Phil: Hey, this is Phil aka Corinne.
Alex: and I’m Alex Berg. And you’re listening to
Both: The I’m From Driftwood Podcast.
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Brian: My name is Brian Hartigan, I’m from Staten Island, New York.
I came out late in my life, about 30 years old. And reason being is I had gotten married and I had children. I had come out to my ex-wife and my brother and my sister and my father, my cousins. Everybody was very accepting and understood, however, there was still an issue that I had which caused me to be very anxious which was, when do I tell my children? At the time they were five and four and clearly that was not the appropriate time to inform my children of my being gay.
And I would speak with my ex-wife about when we would feel it was appropriate to tell them and we just couldn’t come up with an answer.
At the time we were living in New Jersey and the governor of that time, Governor McGreevey, actually went on news, up at the podium and on the news channels and basically told the country that he was a gay American, which was a really positive step for people who identified as being LGBT because it showed yet another individual in a high-profile position actually coming out and putting their foot down and saying, “I’m gay.” And there are others that will hopefully be able to come out as well and be gay. And as a result of that, coincidentally, the next day my ex-wife called me and basically said my daughter and son were asking about what “gay” means because they heard that Governor McGreevey said that he’s a gay American. And I said, “Well, what did you tell them?”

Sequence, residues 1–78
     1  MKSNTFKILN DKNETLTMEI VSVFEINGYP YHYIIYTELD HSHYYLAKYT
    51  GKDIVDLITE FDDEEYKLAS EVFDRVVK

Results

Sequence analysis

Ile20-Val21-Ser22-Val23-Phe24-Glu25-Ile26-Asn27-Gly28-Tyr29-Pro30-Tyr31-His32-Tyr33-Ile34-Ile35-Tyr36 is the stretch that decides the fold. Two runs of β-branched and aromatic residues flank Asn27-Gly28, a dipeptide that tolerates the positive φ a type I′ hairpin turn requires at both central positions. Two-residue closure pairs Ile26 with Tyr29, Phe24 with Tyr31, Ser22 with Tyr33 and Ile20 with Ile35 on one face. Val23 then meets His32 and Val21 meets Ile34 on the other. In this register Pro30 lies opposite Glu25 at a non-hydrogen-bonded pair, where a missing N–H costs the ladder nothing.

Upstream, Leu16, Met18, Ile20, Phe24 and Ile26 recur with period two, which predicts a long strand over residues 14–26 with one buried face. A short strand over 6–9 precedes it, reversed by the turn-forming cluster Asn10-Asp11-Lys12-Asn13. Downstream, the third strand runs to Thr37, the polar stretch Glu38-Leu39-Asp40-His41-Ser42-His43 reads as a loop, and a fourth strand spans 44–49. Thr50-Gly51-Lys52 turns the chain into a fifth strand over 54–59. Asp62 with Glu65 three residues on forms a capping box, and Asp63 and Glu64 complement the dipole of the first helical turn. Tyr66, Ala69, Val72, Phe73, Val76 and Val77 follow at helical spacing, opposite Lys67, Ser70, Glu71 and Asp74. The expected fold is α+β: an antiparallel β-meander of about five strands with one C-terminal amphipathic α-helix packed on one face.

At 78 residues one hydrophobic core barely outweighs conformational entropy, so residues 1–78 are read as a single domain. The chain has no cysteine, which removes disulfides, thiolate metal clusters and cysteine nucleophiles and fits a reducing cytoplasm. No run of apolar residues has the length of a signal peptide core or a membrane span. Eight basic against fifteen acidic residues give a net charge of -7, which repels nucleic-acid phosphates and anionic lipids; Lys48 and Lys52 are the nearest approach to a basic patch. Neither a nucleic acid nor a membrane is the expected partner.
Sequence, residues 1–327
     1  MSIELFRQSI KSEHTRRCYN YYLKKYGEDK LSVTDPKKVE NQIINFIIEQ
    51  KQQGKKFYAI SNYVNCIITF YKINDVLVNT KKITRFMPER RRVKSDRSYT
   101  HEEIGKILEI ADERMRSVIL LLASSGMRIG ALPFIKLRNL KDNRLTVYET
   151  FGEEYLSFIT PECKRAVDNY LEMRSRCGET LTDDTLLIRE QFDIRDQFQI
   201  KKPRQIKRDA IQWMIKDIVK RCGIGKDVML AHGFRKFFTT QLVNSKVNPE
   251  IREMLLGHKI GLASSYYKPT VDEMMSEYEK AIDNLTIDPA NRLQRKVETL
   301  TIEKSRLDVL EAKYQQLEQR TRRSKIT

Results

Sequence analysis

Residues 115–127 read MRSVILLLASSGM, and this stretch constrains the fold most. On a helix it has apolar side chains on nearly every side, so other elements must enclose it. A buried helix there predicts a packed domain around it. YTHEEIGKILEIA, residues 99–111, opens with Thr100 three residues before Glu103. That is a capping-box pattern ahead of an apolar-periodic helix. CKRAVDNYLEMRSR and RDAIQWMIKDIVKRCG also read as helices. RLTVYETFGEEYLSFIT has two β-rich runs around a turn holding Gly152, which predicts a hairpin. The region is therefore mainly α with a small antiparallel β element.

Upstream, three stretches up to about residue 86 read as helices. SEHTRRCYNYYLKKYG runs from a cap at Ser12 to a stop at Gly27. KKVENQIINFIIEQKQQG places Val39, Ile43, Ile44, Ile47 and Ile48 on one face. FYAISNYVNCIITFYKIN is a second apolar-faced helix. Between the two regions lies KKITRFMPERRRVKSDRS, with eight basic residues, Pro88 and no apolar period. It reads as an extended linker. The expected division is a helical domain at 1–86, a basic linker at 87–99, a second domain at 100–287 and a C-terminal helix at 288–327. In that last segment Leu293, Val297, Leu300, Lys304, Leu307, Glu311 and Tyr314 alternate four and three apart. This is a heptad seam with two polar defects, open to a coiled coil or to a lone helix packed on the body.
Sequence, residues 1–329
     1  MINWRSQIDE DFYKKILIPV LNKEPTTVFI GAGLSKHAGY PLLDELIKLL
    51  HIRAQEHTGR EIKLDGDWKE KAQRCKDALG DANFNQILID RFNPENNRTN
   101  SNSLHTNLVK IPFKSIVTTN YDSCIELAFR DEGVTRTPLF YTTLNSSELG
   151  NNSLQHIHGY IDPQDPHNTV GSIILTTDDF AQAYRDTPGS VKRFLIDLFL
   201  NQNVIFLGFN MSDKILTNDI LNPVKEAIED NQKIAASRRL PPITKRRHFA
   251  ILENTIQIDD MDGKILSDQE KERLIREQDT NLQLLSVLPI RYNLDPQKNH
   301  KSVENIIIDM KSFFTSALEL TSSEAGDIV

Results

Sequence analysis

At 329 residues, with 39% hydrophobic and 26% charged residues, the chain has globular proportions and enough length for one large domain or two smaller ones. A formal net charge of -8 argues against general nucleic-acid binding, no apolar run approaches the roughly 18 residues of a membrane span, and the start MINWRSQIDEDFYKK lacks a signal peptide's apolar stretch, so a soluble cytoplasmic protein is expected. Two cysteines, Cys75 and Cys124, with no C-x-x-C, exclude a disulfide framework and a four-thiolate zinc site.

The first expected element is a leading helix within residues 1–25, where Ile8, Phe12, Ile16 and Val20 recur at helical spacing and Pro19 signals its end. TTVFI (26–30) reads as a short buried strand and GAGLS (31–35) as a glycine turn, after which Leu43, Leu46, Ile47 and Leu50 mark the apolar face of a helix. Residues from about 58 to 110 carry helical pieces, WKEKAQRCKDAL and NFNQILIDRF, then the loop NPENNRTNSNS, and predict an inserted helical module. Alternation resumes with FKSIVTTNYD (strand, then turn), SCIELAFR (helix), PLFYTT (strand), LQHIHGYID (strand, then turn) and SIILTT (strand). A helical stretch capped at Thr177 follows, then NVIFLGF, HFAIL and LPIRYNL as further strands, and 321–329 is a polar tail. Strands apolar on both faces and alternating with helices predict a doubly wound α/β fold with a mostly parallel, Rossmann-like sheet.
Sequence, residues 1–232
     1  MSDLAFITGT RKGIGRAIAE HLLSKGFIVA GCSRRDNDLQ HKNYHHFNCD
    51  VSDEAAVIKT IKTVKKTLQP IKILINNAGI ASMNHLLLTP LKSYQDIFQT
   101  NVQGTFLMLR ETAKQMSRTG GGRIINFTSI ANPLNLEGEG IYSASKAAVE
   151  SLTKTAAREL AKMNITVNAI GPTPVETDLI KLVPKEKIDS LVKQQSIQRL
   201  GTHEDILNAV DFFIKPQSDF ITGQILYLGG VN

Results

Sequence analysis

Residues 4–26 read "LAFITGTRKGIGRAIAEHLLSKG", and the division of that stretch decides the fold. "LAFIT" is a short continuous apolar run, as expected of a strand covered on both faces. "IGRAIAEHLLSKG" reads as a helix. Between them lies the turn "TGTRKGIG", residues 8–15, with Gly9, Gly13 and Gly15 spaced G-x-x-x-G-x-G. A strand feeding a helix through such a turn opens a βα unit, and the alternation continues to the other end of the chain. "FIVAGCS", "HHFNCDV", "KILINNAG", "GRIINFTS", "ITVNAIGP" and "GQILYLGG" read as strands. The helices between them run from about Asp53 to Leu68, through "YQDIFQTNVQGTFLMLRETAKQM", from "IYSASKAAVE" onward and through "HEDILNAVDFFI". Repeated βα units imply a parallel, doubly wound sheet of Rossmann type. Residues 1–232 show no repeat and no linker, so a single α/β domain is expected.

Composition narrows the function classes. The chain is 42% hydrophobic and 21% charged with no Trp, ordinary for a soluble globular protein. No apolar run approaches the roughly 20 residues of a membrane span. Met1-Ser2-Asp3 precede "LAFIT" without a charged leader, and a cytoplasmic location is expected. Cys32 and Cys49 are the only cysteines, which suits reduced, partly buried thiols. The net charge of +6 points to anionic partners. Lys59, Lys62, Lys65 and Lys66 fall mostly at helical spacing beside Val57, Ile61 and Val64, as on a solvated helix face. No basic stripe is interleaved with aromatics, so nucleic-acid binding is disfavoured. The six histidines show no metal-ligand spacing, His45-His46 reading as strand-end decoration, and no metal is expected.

“Well, I told them to ask their father.”
So I said, “Listen. This is a perfect opportunity right now for us to sit down, talk to the kids, make them understand what gay means, and it’s a great opportunity for me to inform them that I’m gay as well.”
And so we decided we’re going to have dinner. Our usual Saturday–Friday dinner, after work and school. And they came over, we had dinner, we had dessert, it was time for dessert and I said to my kids, “Guys, I understand you asked Mommy what does gay mean.”
“Yeah, the governor said he’s a gay American. What does ‘gay’ mean?”
I was like, “Well, do you have any idea at all what it might mean?”
“Okay, well, did anybody else tell you that the governor was a gay American?”
And it was like the perfect witness on a witness stand, all I got was “yes” and “no” answers. I was trying to get them to talk so that they can try and share with me something they have, so I was like, okay, let me approach this from a different angle.
“Okay. What ‘gay’ means is when a man likes to be with a man.”